Are your teeth and gums healthy? Their health may be an important indicator of your general health.
More and more research suggests that the same good health and nutritional practices that prevent cavities and gum disease may also keep you healthy and prevent other illnesses.
Research has shown that serious chronic health problems are often associated with dental caries, or cavities, and gum pathology. This connection is documented by a large number of recent studies performed after 1990. For example - poor mental health is associated with cavities [1-4]. In a study published in the Journal of the American Geriatrics Society, January 2008 , elderly individuals without dementia were found to have an average of only 2.7 fillings. Elderly individuals with dementia or Alzheimer's disease averaged 7.8 teeth with fillings.
A recent authoritative review showed a clear association between cavities, gum health and heart diseases [5}. Additionally, this same study reported that people with poor oral health, on average, lead shorter lives. Recent publications concerning Periodontal Disease and Your Heart
are listed by the American Association of Periodontology.
You can take this quiz to asses your risk of gum disease:
Gum Health Self-Assessment Quiz.
Connections between diabetes, as well as heart disease, and dental decay have been suspect for decades. Active, ongoing research [6-8] deals with the association between cavities and diabetes. While recent publications concerning Periodontal Disease and Diabetes are listed by the American Association of Periodontology.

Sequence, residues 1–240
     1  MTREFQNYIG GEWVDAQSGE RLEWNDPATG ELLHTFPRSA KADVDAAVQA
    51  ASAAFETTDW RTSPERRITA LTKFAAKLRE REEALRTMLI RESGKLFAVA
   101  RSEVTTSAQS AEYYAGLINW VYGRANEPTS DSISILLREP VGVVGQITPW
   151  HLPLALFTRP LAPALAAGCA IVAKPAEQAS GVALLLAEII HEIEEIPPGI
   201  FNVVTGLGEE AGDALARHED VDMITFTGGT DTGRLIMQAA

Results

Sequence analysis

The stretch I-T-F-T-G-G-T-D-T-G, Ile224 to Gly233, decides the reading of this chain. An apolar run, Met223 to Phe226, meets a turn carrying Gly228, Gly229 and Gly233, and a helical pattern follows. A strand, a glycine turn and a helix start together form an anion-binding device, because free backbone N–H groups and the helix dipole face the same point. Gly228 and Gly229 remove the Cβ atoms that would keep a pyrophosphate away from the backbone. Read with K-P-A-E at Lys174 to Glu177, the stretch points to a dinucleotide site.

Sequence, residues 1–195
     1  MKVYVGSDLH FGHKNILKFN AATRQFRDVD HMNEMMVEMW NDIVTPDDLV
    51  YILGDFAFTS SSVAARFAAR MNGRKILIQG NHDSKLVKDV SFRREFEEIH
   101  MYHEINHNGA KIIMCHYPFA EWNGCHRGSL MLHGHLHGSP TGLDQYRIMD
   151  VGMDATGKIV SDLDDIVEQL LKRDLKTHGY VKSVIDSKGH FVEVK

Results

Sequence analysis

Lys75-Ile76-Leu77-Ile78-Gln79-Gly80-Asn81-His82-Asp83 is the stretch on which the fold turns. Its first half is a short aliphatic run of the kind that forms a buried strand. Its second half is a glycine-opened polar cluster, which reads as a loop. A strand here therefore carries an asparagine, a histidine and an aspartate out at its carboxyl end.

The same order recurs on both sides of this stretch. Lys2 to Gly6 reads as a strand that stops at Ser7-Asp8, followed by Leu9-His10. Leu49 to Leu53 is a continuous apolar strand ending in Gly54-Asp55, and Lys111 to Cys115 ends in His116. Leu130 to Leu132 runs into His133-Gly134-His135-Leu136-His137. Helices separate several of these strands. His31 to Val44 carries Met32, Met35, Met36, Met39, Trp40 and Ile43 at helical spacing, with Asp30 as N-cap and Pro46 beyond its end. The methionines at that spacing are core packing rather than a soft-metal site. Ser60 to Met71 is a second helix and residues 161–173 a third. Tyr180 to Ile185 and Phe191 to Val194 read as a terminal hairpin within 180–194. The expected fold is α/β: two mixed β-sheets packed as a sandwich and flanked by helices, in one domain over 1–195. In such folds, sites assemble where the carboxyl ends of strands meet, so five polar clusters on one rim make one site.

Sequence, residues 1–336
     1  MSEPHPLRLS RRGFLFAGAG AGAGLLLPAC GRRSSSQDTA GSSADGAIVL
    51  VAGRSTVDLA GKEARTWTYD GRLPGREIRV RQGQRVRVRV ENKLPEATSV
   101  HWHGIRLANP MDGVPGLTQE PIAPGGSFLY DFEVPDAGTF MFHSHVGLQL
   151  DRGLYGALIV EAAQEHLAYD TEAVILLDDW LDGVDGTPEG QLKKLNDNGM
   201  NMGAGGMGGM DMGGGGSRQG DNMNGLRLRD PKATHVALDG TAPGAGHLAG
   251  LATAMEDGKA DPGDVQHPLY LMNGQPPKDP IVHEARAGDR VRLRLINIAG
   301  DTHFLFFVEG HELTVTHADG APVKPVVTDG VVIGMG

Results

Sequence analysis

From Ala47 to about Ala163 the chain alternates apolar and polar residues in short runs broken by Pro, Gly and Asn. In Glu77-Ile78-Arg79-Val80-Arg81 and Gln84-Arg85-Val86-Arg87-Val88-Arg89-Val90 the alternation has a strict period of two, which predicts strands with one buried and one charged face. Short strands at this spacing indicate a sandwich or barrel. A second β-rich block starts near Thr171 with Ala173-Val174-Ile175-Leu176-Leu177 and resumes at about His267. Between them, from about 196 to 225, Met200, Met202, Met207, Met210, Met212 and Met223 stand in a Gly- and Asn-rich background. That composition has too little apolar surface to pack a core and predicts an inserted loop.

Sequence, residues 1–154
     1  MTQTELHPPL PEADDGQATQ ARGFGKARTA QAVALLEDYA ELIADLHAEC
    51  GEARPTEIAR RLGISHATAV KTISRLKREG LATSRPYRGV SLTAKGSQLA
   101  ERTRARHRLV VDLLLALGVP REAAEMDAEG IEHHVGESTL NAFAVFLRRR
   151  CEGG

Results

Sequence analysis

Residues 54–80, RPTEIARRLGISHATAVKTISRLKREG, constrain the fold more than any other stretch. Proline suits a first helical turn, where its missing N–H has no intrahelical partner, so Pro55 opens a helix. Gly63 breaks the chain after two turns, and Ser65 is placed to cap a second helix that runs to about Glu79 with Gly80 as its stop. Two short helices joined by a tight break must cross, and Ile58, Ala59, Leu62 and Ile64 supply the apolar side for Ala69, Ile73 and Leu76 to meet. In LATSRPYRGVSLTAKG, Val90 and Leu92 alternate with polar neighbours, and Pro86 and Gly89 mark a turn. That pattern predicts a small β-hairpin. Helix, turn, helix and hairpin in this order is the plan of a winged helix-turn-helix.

A large number of scientists studying this relationship have proposed that diets high in sugar and refined carbohydrates were common cause of these diseases [9-15].
Nutrition is suspect as a possible factor in heart disease, infectious respiratory diseases, dental diseases and mental diseases. These diseases can result, in part, from common failures in metabolism. When a deficiency of essential nutrients occurs, particularly vitamins D, C, and niacin, metabolic failures are inevitable.
The relationship between vitamin D deficiency and cavities is especially strong in dozens of studies conducted in the 1930's and 1940's [16-27]. More than 90% of the studies concluded that Vitamin D supplements prevented children's cavities.
Cancer, respiratory infections, diabetes, heart disease, and other ailments  are also linked to a Vitamin D deficiency. For example, a study published in the Archives of Internal Medicine in 2008, indicated that compared to individuals with highest vitamin D levels, individuals with the lowest vitamin D levels had more than double the risk of dying from heart disease and other causes over an eight-year study period. Linus Pauling  reviewed evidence for vitamin C was and the evidence for niacin was described by Abram Hoffer .
Individuals who ensure their good levels of nutrition through balanced diet and nutrient supplements, in conjunction with good dental care, will have dramatically fewer cavities and gum problems than individuals who only receive good dental care.
 B Ellefsen; P Holm-Pedersen; D E Morse; M. Schroll; B. Andersen; G. Waldemar. Caries Prevalence in Older Persons with and without Dementia. Journal of the American Geriatrics Society, Volume 56, Number 1, January 2008, 59-67(9).
 J M Chalmers, K D Carter, A J Spencer. Caries incidence and increments in community-living older adults with and without dementia. Australian Research Center for Population Oral Health, Dental School, The University of Adelaide, Adelaide 5005, Australia. Gerodontology Volume 19 Issue 2, 80 – 94.
 Friedlander, A.H.; Mahler, M.E. Major depressive disorder psychopathology, medical management and dental implications. Graduate Medical Education, Veterans Affairs Greater Los Angeles Healthcare System (14), Los Angeles, CA, USA. Journal of the American Dental Association (2001), 132(5), 629-638.